It may very well be that great spirits have really been the authors of very poor messages. It has happened to each of us to make poetical or other compositions in our dreams which we have thought admirable; we say in delight, "What a pity I shall not be able to remember that when I wake!" But sometimes we do remember, and then we smile with contempt at what had delighted us during sleep. Now the communicators constantly repeat that they are dreaming while they are in the atmosphere of the medium. "Everything seems so clear to me," says Robert Hyslop to his son, "and when I try to tell you, James, I cannot."

These considerations prove that we must not hasten to conclude, with Professor Flournoy, that if there is a future life it is one of wretched degeneration, one more misery added to all the others which overwhelm us in this miserable universe.

No; as Professor James says, in this world we live only at the surface of our being; if death is not annihilation, then it is an awakening. It does not follow that the life of the other world is not higher and more intense than this, because communication with it is difficult.

Another serious objection to the spiritualist hypothesis is the philosophy with which certain too eager persons have connected it.

Spiritualism, which should at present be but the mere beginning of a science, is, according to them, already a philosophy for which the universe holds no secrets. How should such puny creatures as ourselves hope to solve the problems of the universe by _a priori_ reasoning? All that we can reasonably hope, is to wrench from nature some of the secrets nearest to us, surrounding ourselves with a thousand precautions in order not grossly to deceive ourselves.

I rank the spiritualistic philosophy with other philosophies. Perhaps some of its dicta proceed from spirits, if spirits exist, but the system as a whole most surely does not. But then, it will be said, the people who have elaborated this philosophy must have been impostors. No, not inevitably; I will even venture to say that imposture is unlikely. The key to the mystery may be found in other characteristics of humanity.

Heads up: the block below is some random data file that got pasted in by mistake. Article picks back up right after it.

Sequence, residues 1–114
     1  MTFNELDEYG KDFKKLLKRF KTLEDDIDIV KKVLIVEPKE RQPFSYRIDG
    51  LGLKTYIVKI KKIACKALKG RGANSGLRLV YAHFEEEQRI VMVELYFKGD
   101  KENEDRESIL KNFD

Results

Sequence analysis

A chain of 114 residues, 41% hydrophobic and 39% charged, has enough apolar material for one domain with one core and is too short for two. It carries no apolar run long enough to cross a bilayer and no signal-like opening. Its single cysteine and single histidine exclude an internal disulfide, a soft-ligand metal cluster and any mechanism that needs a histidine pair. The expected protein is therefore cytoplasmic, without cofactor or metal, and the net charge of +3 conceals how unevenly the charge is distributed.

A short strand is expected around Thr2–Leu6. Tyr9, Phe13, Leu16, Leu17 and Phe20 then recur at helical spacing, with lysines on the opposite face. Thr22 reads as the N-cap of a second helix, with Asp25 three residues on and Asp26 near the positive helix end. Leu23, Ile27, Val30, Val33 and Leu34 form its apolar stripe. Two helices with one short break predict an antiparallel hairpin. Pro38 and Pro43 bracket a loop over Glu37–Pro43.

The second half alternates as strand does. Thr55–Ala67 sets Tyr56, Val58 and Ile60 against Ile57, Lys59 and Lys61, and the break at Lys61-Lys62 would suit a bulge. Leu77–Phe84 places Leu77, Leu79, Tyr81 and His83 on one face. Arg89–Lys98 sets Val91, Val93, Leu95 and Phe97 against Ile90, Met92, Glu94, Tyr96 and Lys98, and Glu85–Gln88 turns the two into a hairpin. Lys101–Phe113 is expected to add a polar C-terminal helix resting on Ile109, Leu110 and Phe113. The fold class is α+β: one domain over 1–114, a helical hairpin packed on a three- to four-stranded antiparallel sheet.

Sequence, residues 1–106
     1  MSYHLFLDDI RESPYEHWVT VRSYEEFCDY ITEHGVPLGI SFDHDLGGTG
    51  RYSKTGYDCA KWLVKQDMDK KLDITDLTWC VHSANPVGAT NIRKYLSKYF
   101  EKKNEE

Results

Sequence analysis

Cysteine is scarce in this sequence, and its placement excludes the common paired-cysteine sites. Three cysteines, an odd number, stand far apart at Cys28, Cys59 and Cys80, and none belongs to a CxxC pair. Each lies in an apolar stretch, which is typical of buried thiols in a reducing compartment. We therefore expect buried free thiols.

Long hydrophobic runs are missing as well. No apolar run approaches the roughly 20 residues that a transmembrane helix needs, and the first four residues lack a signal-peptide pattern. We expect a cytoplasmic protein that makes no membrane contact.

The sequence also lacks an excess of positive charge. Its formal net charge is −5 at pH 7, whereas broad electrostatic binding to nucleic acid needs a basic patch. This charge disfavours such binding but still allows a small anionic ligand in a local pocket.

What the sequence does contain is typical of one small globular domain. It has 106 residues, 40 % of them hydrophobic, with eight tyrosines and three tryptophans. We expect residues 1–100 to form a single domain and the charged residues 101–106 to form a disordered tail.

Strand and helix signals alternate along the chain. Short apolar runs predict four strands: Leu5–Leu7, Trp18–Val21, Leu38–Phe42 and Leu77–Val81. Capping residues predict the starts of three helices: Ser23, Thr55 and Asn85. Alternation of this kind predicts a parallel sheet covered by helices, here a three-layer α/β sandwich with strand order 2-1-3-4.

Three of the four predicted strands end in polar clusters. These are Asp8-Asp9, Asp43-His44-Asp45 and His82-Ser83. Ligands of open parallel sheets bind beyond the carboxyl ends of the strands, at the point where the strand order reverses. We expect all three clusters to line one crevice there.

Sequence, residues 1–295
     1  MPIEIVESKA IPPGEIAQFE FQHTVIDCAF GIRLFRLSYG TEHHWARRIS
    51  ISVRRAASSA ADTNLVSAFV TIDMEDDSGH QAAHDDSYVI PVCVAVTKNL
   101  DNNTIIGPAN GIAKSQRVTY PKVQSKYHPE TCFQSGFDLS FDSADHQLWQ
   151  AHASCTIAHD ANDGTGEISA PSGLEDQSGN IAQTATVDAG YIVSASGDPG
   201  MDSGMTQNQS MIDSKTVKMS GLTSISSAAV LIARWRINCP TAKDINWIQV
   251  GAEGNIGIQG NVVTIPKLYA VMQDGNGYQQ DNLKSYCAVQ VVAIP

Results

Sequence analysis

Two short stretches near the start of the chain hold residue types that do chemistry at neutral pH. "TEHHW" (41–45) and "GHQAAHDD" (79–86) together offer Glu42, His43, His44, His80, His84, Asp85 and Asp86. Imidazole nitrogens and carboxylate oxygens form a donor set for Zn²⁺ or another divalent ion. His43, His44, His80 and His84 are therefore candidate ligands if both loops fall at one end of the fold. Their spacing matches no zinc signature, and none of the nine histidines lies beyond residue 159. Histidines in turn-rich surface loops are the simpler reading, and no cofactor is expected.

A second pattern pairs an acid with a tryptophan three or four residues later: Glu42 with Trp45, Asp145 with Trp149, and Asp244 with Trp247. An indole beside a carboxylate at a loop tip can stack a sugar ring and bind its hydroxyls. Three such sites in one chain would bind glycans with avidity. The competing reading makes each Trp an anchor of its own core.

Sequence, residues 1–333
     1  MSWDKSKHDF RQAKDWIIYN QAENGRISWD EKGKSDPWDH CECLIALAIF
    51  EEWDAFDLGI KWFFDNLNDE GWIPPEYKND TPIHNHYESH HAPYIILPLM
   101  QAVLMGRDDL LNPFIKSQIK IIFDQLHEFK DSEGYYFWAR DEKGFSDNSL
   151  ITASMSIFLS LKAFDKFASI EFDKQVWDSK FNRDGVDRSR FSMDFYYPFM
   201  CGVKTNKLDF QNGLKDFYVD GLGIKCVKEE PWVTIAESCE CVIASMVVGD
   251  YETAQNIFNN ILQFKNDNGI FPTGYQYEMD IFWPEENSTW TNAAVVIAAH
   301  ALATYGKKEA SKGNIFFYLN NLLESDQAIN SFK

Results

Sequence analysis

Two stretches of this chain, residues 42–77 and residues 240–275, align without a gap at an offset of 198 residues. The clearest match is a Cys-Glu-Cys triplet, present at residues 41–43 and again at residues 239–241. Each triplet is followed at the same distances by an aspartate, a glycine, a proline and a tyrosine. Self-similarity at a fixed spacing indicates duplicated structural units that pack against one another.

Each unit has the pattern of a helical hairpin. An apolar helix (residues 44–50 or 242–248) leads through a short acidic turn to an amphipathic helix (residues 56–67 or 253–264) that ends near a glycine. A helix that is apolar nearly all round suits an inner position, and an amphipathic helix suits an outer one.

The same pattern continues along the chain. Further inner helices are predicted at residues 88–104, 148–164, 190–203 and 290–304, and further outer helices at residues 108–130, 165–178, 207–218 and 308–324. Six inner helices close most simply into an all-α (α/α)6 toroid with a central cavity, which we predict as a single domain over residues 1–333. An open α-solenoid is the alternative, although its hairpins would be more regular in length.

The most formidable obstacle to the admission of the spiritualist hypothesis is in the messages which tend to represent the other world, in which, it appears, matter is not perceived, and space and time are unknown, as being all the same a servile copy of this, or a sketch of it. If Phinuit or another control is asked to describe a communicator, the description is generally given with exactness, and is the same there as it was here; sometimes the communicator even goes so far as to wear the same clothes, made of the same material. But these descriptions are without importance, as it may be replied that the communicators or controls give these details purely to prove identity. However, I know of no message in which the communicator has been frank enough to say, "Of course you may suppose that the form I have here is not the same as I had in your world." Or again, "The idea of form differs totally in our world and in yours; I cannot make you understand what that idea is here, so it is of no use to question me." Unfortunately neither communicators nor controls speak thus; they all say or allow it to be supposed that the human form is the same in both worlds.

But when action and events in that world are represented as being the same as in this, then our credulity cries out in remonstrance. That a deceased doctor should tell us that he continues to visit his patients, a painter that he continues to daub canvas, is more than we can admit.

But, it may be explained, the doctor and the painter are temporarily delirious; they do not know what they are saying. Unfortunately these passages are too numerous to be always attributed to delirium. Certain communicators say, with all the gravity in the world, and when they seem in full possession of themselves, that they breathe, live in houses, listen to lectures, and that a deceased child is beginning to learn to read. This is an enormous difficulty, I repeat. I point it out without trying to solve it; I am unable to offer a plausible explanation.

Professor Hyslop has tried, but I do not think he has succeeded.

CHAPTER XIX

The medium's return to normal life--Speeches made while the medium seems to hover between the two worlds.

In Mrs Piper's case, the moments which precede the actual quitting of the trance offer, at least at present, a special interest. I think it well therefore to dwell on this point a little. To avoid endless circumlocutions, I shall speak as if the spiritualistic hypothesis were proved. Indeed, whatever the future fate of this hypothesis may be, and in spite of the serious objection spoken of in the last chapter, it is, I believe, the only one that can be reasonably adopted for the moment.

When the sitting is over and the automatic writing has ceased, Mrs Piper begins to return gradually to her normal state. She then utters with more or less distinctness some apparently disconnected phrases which it is sometimes difficult to catch. She is like a person talking in sleep.

Dr Hodgson and Professor Hyslop have collected as many of these broken sentences as they could, keeping them separately under a different heading from the record of the rest of the sitting proper. At the end, Mrs Piper often asks this odd question, "Did you hear my head snap?" And after her head is supposed to have snapped she looks round her in apparent astonishment and alarm, and then all is over, she no longer remembers what she has said or written during the trance.